Urgent improvements in water security needed to achieve climate resilience

Research led by Dr Katrina Charles, Sloane Robinson Fellow (Environmental Change) at Reuben College, has led to the publication of a report urging action to protect global water security from the impacts of climate and climate change. The REACH Water Security for Climate Resilience Report presents a synthesis of REACH’s six years of interdisciplinary research on water security from across Sub-Saharan Africa and South Asia, highlighting the critical role that water security has in building climate resilience. 

The report provides evidence that demonstrates the unequal impact of climate on water security, and on people’s lives and livelihoods, which can be counter-intuitive to broad narratives around resilience and adaptation. It says that while the immediate impacts of droughts and floods rightly grab headlines, climate change is also impacting societies in more subtle and less visible ways – such as impacts on female empowerment and on education.

The report also makes specific recommendations to improve water security for climate resilience in three areas:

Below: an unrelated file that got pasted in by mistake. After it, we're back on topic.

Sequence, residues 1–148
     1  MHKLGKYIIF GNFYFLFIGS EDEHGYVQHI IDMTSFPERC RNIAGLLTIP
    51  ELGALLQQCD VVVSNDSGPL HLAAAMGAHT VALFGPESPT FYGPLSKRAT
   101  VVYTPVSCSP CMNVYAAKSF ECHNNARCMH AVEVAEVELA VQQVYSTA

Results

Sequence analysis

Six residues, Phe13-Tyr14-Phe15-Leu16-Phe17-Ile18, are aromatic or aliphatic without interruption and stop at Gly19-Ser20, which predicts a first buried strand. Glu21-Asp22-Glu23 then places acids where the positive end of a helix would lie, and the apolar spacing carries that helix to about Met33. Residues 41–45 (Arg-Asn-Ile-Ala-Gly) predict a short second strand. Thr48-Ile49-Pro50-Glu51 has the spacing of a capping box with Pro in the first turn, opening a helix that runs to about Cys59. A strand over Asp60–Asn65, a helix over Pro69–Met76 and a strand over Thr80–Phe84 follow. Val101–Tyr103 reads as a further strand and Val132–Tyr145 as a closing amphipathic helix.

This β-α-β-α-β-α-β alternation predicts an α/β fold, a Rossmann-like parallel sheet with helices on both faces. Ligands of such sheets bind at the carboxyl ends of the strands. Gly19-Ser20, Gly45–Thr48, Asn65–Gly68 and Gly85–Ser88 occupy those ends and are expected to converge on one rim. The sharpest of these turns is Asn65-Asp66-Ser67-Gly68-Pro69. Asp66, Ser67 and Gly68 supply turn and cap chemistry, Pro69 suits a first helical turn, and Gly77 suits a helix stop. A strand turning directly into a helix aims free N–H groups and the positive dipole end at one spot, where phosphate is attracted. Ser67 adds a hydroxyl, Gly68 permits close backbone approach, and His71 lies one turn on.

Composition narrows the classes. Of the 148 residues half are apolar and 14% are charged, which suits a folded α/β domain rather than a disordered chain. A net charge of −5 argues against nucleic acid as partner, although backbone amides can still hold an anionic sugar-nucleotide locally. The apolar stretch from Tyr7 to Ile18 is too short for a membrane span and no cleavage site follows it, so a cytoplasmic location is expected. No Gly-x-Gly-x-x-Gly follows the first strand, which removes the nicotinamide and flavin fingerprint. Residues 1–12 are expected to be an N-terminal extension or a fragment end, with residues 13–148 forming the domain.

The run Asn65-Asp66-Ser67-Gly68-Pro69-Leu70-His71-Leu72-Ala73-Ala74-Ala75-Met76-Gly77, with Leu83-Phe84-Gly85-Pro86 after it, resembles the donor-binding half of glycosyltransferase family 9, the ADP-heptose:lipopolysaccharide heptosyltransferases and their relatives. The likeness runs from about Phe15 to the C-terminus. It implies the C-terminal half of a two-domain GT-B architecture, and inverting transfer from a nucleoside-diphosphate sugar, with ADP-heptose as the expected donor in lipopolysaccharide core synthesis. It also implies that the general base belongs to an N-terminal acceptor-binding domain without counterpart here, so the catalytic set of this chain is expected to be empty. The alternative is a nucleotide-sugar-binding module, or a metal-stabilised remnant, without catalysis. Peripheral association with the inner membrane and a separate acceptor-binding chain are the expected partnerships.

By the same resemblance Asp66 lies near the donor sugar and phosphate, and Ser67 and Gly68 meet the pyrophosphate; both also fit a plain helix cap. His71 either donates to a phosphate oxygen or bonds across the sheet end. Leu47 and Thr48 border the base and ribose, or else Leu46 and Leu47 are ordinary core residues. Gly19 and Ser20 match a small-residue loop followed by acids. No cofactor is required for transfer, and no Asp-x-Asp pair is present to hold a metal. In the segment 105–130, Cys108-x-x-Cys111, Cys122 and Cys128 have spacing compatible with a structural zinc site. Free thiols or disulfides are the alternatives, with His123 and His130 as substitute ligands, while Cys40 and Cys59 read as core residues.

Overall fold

• More accurate and granular analysis of climate risk is needed to make climate information relevant to specific users
  • Metrics for monitoring climate resilience in water systems are critical to track progress and inform investments for water security
  • New institutional models that improve water security will be critical for climate resilience

Dr Katrina Charles is co-director of REACH and co-author of the report. She said, “Our research shows how climate change is likely to affect water supplies in different ways, in different places, and what that means for different people. Climate change will increasingly affect water availability and quality, with devastating consequences for the most vulnerable. It is vital that governments and others understand the importance of climate resilience measures that reflect particular geographies, and take action now.”


Working in Bangladesh, Kenya and Ethiopia, the REACH programme is led by the University of Oxford and funded by UK Aid Direct from the UK Foreign, Commonwealth & Development Office (FCDO). This report is based on six years of research developed in collaboration with research teams in these countries. UNICEF at the global, regional and country levels is a key partner supporting uptake of the research, in collaboration with national governments and their relevant ministries.

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